12 Nov

Why do antiviruses suck, part 2

In part 1, I tried to explain reasons behind some of the decisions anti-malware companies make when designing their products. In this part I’ll touch some other side-effects of those decisions and what they mean for power-users.

This site has been blocked

In general, I need a very basic antivirus protection – when I make a mistake during my reversing session or web browsing, it should stop malware from:

  • becoming persistent on my computer;
  • sending any data to its C&C server

I’m not retarded and can read and think for myself – therefore I don’t want “anti-phishing protection”, “parental control”, “safe banking”, “vulnerability scan” or any other features aimed for persons who shouldn’t be using Internet in the first place.

So, I always configure my antivirus to have just very basic on-access scan and firewall enabled, and all other components switched off. You can imagine my surprise when in last 2 days I have been greeted with these messages on 2 separate sites:
page blocked
WTF guys, I have switched off every component I could – why are you still active?! And why are you bugging me with this nonsense?

Make it more user-friendly

I’m very sure that the answer is very simple: somebody in the UI/UX department decided that Bitdefender UI needs to be simplified. So, they took the UI that actually made sense, and fucked it up.

Here’s how settings looked like in year 2013 (image (c) Softpedia):
bitdefender 2013 settings

And here’s how it looks in the Bitdefender 2016:
bitdefender 2016 settings
Antispam and Firewall have been moved to their corresponding module, but “Antimalware Filter” has disappeared altogether. After all, who would ever want to disable it, right?

To make matters worse, here’s how the alert looked in Bitdefender 2015 (image (c) PCRisk):
See, there was “Settings” button right at the top of alert page and you could disable “Antimalware filter” from there. Well, they “simplified” that option away as well. Geniuses!

But I really want to disable it!

Luckily, you still can. :) All Bitdefender settings are stored in C:\Program Files\Bitdefender\Bitdefender 2016\settings\. However, to be able to modify files, you will need to start your computer in safe mode.

The file you’re looking for is cloud.http.xml. Find your user name in it, and you’ll see a section like this:

Apparently, there are more few settings which are hidden in the UI. I can only guess the exact meaning of them but – to be honest – I don’t care. I just want this bugger to be gone from my machine. So, I changed “active” to “false” and for the good measure disabled each and every component as well. After a reboot, it all works the way I want, and I can access all the sites I want.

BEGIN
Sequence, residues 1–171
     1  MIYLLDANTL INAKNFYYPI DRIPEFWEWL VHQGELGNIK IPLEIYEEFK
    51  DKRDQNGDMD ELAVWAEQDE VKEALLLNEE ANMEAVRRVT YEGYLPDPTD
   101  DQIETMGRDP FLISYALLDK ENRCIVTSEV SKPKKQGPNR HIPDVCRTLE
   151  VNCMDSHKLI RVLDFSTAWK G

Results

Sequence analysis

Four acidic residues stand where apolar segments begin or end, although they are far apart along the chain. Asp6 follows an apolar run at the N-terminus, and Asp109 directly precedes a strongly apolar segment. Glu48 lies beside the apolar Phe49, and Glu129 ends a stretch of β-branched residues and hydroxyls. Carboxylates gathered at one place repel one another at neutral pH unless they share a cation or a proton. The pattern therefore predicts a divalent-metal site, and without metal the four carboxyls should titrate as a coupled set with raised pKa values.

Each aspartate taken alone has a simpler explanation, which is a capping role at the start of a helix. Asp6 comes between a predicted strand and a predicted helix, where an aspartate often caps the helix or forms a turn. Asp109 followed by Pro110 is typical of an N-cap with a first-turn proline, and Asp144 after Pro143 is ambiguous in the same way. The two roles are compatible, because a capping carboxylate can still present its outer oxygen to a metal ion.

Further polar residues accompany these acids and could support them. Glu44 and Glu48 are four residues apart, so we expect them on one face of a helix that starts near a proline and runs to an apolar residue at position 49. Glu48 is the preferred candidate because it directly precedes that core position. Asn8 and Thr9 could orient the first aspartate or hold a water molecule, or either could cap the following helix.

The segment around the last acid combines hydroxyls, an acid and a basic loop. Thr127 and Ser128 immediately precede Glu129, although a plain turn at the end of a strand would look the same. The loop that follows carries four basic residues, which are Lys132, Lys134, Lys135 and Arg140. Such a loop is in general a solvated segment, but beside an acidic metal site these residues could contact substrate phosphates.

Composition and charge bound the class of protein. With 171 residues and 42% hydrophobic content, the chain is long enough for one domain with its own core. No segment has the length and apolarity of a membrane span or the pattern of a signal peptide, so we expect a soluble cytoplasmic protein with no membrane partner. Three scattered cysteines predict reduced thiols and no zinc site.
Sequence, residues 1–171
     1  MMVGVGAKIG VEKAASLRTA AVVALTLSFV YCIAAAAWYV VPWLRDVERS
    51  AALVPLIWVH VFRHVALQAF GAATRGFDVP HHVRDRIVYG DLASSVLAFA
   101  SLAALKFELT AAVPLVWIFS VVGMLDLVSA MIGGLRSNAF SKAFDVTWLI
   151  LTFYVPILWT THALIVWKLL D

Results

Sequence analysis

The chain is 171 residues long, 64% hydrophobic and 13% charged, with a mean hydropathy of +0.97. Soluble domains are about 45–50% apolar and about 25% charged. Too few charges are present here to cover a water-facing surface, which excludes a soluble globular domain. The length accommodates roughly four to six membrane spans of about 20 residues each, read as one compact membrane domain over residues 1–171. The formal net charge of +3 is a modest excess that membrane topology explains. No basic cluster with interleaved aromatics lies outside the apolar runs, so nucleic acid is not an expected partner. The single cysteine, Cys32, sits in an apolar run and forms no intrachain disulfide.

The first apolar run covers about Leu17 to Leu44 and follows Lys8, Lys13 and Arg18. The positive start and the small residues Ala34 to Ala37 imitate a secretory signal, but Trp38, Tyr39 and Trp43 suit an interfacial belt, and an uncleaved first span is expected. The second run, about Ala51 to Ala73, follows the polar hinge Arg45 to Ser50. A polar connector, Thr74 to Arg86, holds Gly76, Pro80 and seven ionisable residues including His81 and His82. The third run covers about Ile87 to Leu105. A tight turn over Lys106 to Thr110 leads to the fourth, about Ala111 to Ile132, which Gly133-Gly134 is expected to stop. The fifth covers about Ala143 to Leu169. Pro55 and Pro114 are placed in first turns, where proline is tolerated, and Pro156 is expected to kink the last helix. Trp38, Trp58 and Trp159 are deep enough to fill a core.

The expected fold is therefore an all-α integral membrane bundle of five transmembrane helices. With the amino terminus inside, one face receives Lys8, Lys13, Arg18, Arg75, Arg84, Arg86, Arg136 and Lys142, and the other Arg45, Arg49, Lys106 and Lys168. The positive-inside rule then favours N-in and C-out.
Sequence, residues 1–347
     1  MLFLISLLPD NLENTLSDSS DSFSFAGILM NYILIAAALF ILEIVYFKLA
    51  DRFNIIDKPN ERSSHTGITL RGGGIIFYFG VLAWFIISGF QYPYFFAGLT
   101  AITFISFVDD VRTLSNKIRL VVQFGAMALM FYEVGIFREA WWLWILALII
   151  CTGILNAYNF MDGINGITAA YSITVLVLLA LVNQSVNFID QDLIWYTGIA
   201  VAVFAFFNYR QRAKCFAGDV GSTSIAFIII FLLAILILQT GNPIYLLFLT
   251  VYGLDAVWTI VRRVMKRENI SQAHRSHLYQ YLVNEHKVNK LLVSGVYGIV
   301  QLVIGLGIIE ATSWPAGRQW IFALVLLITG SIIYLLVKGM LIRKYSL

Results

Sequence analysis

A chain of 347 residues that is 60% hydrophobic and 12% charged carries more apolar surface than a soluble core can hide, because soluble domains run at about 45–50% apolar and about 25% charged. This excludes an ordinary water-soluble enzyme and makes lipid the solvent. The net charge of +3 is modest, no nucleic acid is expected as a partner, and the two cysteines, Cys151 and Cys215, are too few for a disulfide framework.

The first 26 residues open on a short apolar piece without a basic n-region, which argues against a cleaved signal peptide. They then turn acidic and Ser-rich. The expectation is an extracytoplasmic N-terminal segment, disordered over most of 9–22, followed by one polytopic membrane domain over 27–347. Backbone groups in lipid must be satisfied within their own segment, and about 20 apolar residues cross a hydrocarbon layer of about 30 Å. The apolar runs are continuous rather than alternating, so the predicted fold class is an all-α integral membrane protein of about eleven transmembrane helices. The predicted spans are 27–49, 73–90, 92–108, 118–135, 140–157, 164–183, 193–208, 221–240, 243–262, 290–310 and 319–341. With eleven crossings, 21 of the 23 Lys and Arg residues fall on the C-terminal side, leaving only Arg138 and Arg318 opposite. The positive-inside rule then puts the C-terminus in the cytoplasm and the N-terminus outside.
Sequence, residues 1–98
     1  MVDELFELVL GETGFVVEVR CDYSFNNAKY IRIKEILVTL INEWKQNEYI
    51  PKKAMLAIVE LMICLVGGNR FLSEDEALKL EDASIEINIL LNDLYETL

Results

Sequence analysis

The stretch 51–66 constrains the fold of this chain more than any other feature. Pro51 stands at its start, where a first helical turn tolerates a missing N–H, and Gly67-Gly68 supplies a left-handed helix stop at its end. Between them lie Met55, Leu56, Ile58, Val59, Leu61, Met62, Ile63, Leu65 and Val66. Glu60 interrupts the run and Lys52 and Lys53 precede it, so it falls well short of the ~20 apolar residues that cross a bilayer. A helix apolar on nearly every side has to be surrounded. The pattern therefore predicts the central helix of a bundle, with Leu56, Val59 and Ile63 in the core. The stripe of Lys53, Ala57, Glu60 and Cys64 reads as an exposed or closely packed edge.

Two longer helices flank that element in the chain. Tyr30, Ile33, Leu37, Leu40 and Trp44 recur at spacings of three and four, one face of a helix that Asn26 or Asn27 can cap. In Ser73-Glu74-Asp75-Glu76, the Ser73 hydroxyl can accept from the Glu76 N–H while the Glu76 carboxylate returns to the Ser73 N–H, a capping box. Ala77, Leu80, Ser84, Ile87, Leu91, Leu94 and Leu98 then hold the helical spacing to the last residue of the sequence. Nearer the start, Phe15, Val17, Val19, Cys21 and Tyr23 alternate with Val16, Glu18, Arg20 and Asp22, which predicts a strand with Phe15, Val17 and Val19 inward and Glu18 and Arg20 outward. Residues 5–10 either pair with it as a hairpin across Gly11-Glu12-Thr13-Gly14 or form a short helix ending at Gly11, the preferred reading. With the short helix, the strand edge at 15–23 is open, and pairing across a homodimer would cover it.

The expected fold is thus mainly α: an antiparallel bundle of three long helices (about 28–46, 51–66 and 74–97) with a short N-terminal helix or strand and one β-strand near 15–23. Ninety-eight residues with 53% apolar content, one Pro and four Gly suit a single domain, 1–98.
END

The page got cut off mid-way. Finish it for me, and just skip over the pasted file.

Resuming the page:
Great success! :)

05 Nov

Keygen templates in Visual Studio

I’m lazy and I hate doing the same tasks over and over again. Making UI for my crackme solutions is one of such tasks. It always goes like this: open Visual Studio, create new Windows Forms project in C#, drop 2 labels, 2 edit boxes and one button on the form. Set label texts to “Name” and “Serial”, set button title to “Generate..”, set the project icon, etc., etc..

There must be a better way!

..and it’s certainly not the way Blue Indian did his keygen template:

To build this template on your own, open the solution in Visual studio, comment out the calls for uFMOD and implement your own logic, after successful build of keygen, close the Visual studio, open the Form_Main.cs file in any text editor and uncomment those two calls to uFMod, save it. Now double click on the build.bat file to built it finally.

-To change the ICON and XM tune, edit the mini.res (resource file) with any resource editor like Restorator or any of your choice.

Open this, delete those, compile that, and what? I’m already confused, sorry.

Introducing Visual Studio project templates

I’m sure you know that when you click “New project” in Visual Studio, you’re presented with number of choices, like “Windows Forms Application”, “Console Application”, “Class Library” and so on. All these are project templates that are installed by default.

They provide all the files that are required for a particular project type, include standard assembly references, and set default project properties and compiler options. Hmm, that’s exactly what I needed! :)

This article at MSDN nicely explains that project template is simply a ZIP file that contains all the necessary files and a special .vstemplate file. This .vstemplate file is an XML file containing metadata Visual Studio needs to display the template in the “New Project” dialog.

Let’s try to put it all together.

Making simple keygen template

Making a new template is actually very easy. You take an existing Visual Studio project, replace project-specific strings with template parameters and press File->Export Template.